When the St. Louis Symphony Orchestra kicks off its 2022/2023 season this month, the opening weekend concerts include the first SLSO performances of composer/flutist Nathalie Joachim’s Fanm d’Ayiti (Women of Haiti). Joachim, a Brooklyn-born Haitian American, earned a Grammy nomination for Best World Music Album for this piece, which was arranged for chamber orchestra.
The piece draws inspiration from the voices of Haitian women and includes a live vocal component, performed by Joachim, alongside recorded vocals.
Joachim reflected on the scope of the project, and how the process has changed her. Below is an edited transcript of Joachim’s words as told to Tim Munro.
In Haiti, the women are badasses. You’re definitely going to be on your best behavior—you don’t want to mess with anyone’s Haitian mother.
I started to focus on three artists: Emerante Morse, Carole Demesmin, Toto Bissainthe. I felt connected to them. Going to Haiti, talking to these women, meeting their families, seeing where they’re from, hearing their deep commitment to Haiti, it felt inspiring. They’re each from distinct eras, but each influenced the other. Many consider these women revolutionaries.
The piece of the puzzle that made Fanm d’Ayiti come together was recording a Haitian children’s choir. They were singing the music for a Catholic church service, accompanied by a drummer who was playing these very distinct voodoo drum patterns. Two worlds colliding: this Catholic religion passed on through colonialism, and a musical practice that came all the way from Africa.
Fanm d’Ayiti is linked by the idea of strength and freedom and empowerment. It is made up of music woven together with some of the recorded testimony of the women I interviewed, the field recording of the girls’ choir, and recordings of my grandmother. Some of the material is completely original, and some are arrangements of these artists. The entire piece has a religious lens.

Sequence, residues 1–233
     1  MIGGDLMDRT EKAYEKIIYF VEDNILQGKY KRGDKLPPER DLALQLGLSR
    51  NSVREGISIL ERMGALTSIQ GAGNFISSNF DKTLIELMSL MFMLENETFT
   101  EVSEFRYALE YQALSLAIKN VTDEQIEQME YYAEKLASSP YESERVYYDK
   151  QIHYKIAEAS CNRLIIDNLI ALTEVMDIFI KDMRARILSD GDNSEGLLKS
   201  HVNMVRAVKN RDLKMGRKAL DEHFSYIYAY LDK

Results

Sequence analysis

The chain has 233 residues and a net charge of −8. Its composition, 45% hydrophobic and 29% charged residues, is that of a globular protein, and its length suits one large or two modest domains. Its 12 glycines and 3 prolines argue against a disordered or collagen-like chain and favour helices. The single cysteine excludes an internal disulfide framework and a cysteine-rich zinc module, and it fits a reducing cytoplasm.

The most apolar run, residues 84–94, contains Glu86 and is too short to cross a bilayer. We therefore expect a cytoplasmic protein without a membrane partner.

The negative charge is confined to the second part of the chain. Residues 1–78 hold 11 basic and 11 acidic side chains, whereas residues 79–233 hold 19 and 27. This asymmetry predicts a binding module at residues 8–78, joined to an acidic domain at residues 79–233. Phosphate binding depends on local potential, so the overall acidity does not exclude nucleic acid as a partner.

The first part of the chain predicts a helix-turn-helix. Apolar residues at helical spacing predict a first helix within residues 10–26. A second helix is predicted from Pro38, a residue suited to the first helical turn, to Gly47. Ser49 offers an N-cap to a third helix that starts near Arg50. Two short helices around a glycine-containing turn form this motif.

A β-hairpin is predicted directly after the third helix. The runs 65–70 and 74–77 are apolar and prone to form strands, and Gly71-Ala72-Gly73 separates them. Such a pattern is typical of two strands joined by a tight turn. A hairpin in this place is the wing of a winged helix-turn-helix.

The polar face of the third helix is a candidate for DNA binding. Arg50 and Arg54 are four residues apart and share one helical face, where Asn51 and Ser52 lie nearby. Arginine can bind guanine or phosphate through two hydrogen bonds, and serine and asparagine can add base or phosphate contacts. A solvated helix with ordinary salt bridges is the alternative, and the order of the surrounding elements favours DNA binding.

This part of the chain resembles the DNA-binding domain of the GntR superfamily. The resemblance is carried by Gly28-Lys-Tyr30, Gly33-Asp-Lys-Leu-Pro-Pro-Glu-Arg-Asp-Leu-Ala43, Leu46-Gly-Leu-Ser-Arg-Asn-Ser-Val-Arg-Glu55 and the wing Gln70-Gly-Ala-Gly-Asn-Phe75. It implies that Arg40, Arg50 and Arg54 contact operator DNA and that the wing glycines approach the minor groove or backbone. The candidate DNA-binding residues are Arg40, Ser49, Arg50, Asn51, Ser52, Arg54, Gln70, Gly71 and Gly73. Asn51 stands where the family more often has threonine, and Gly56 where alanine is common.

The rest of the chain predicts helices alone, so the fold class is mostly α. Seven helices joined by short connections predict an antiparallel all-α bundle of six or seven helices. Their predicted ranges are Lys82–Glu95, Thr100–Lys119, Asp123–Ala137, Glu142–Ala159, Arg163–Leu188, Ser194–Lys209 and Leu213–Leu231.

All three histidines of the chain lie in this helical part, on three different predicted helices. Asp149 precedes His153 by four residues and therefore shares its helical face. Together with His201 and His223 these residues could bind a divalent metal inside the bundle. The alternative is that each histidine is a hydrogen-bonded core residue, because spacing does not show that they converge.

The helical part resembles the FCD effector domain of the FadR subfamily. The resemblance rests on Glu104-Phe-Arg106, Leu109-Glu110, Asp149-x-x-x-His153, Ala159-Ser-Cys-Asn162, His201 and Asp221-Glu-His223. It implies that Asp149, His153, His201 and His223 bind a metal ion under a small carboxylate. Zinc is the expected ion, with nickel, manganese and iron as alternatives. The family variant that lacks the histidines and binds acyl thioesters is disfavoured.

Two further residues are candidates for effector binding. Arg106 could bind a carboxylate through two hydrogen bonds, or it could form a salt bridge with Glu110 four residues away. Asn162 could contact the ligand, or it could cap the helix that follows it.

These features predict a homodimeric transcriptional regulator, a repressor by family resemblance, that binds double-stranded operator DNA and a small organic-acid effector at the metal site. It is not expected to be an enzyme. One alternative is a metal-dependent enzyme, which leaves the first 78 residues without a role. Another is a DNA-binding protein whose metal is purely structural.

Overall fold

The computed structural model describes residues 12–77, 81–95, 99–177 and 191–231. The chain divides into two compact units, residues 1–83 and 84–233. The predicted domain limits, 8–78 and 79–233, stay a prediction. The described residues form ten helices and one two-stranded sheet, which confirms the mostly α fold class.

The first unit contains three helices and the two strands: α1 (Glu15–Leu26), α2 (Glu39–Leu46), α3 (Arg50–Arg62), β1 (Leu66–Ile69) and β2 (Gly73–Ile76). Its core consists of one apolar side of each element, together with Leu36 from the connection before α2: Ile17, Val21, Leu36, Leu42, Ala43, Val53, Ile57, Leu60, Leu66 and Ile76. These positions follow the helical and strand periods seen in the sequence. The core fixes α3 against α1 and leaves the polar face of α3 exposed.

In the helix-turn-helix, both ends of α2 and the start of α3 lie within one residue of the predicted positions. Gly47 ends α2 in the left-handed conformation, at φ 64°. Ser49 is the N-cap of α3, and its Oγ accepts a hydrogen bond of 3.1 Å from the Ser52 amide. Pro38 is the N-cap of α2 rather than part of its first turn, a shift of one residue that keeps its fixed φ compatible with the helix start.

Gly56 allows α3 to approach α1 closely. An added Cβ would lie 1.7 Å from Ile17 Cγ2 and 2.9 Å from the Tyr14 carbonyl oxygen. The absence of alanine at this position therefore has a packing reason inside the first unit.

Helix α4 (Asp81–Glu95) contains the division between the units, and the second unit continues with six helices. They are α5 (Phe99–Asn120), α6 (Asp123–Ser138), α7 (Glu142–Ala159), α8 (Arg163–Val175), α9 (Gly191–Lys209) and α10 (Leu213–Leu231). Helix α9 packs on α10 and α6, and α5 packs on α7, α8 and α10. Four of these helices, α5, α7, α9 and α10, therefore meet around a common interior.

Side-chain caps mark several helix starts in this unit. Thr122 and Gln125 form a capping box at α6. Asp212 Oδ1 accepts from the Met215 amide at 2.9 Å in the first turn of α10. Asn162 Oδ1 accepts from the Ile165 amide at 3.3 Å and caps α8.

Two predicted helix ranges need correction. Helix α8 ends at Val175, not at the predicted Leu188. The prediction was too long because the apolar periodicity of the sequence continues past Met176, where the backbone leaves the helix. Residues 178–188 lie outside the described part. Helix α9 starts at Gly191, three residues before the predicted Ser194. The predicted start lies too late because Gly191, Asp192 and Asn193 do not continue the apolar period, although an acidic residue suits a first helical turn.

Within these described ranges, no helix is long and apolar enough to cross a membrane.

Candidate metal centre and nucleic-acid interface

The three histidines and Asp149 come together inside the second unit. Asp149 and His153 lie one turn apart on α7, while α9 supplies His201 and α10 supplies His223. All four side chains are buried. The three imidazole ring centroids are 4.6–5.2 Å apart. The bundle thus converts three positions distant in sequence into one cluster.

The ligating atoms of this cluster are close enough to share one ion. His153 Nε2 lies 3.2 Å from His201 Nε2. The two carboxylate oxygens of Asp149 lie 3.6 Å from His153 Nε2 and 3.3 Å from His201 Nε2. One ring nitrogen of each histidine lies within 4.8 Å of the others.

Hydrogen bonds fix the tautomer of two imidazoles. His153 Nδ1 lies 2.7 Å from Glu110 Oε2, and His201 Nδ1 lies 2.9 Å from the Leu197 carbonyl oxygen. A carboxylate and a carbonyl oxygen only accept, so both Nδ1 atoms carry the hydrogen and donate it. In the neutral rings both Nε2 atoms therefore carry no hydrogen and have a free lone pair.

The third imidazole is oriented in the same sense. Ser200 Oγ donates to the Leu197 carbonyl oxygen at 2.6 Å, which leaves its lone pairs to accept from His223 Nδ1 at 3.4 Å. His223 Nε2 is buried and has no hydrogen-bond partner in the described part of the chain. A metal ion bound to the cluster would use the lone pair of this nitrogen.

Some of the songs in the show are Haitian voodoo songs. There is a stigma attached, but it’s akin to Native American religious practice. Voodoo as a practice is more about storytelling than anything else. Many of the gods are tied to nature.
The show has helped me focus on a new direction. For so long I thought, “I’m a classical flutist, and this is what I do.” It’s this thing I’m “supposed” to be doing. I had never stood solidly on my ability as a composer. In this project I’m writing and performing in a way that I would have been scared to do a decade ago. So much of my musical instinct and influence comes from being a kid growing up in Brooklyn, with electronic music and hip hop steeped in my ear. Also, vocally, this project is the most I’ve been myself. Making music in Haiti happens with abandon. I found a vocal quality that feels the most natural. The songs have such deep meaning, and you just give yourself to it.
Tickets for Opening Weekend featuring Nathalie Joachim—September 17 and 18—are still available. Visit slso.org or call the Box Office at 314-534-1700 and use the code “welcome” for a special discount.